Drug companies have defended these prices -- and profits -- arguing they are necessary to finance research and development into new medicines. Love and Sander's solution is to replace drug patents -- which grant pharma companies years of monopoly profits -- with simple financial prizes. Got a cool innovation?You get a prize. How much depends on how many other innovations are out there and how much therapeutic value your new drug has. Since the market value for curing rare diseases is low, you also qualify for a prize boost if you can kill off an obscure affliction.
Under the Sanders plan, once an inventor creates a new drug, any company could manufacture and market it at whatever price the market demands. Competition would dramatically lower the costs to consumers -- and the government, putting Medicare and Medicaid on stronger financial footing. The program would be funded by a new fee on health insurance companies. Insurers, of course, would also be primary beneficiaries of the program, since ending the current drug patent system would dramatically reduce the prices of prescription drugs, saving insurers (and patients) lots of money.
After deliberating with Love, Sanders set the total prize fund amount at 0.5 percent of total U.S. economic output -- about $60 billion in 2005 (he has since raised it to 0.55 percent of economic output -- about $86 billion). The prize fund is a lot of money, roughly equal to what the government spent on food stamps in the deepest depths of the Great Recession. But it's a huge pay cut for pharmaceutical shareholders and executives. The companies argue that absent the big payouts on patent monopolies and other intellectual property incentives, they just wouldn't have the drive to develop new drugs.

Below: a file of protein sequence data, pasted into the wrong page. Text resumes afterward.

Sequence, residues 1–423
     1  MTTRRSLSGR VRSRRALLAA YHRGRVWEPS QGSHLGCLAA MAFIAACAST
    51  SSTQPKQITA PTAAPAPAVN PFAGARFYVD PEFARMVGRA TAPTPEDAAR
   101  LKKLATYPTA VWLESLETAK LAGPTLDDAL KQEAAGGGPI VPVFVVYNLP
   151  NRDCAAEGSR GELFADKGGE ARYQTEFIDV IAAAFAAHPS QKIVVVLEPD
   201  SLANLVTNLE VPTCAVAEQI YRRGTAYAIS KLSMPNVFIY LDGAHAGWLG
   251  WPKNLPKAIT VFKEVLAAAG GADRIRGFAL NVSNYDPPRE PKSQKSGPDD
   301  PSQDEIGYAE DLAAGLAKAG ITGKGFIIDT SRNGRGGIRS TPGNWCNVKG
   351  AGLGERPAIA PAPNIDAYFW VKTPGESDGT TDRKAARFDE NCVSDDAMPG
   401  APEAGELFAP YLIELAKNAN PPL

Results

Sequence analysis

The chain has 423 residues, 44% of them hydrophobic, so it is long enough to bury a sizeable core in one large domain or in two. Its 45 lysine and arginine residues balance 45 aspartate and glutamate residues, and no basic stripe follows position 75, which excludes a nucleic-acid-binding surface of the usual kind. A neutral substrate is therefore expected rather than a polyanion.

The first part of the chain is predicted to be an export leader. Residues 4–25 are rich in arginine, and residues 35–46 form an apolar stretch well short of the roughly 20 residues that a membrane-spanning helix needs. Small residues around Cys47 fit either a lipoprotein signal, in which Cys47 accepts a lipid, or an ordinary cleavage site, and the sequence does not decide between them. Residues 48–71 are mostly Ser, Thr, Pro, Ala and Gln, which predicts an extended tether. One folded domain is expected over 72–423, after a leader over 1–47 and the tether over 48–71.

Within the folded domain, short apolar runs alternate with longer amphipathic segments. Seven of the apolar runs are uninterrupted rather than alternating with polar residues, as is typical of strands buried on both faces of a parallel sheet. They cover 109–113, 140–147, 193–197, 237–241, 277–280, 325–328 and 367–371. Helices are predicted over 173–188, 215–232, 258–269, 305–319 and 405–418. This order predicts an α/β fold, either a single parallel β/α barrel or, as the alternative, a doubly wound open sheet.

"A prize system could interrupt the flow of funding needed to guarantee research success and could inject the government into decisions about research priorities," PhRMA senior vice Ken Johnson told Fortune in 2007.
And indeed, the prize board is in fact a government panel. But it's more market-friendly than the blunt caps on drug prices other developed nations have imposed. Other governments allow patents, but literally dictate drug prices. Sanders just wants to make the private sector compete to improve public health.
Elite Washington isn't interested in reforming the pharmaceutical industry. As part of the Affordable Care Act, Obama cut a deal promising not to threaten drug companies' sources of public profit so long as they didn't oppose Obamacare. Hillary Clinton has shown no interest in reforming the drug patent system.
But neither Love nor Sanders fits in with elite Washington. Still, Love's successes -- and, now, Sanders' -- means that elite Washington can't quite dismiss them. When major trade deals are being negotiated, White House officials bring their tailored suits and Ferragamo shoes to Love's office for pow-wows with top economists and humanitarian groups. And although Sanders faces an uphill battle for the Democratic nomination, he has commanded the attention of party elites and forced them to grapple with the New Deal zeal bubbling up among the progressive base.
Love and Sanders' 2005 bill never really died. Sanders reintroduced different versions of it in every Congress since its debut, winning plaudits from public health advocates in the process. He scored a hearing on prizes for AIDS medication in 2012, and the United Nations is scheduled to hold a high-profile international conference on alternatives to the existing drug patent system. Changing the business model of the most profitable industry in the world is still part of Sanders' campaign platform. Maybe it's just too radical for a stump speech.
Zach Carter is a co-host of the HuffPost Politics podcast "So, That Happened." Subscribe here or listen to the latest episode below: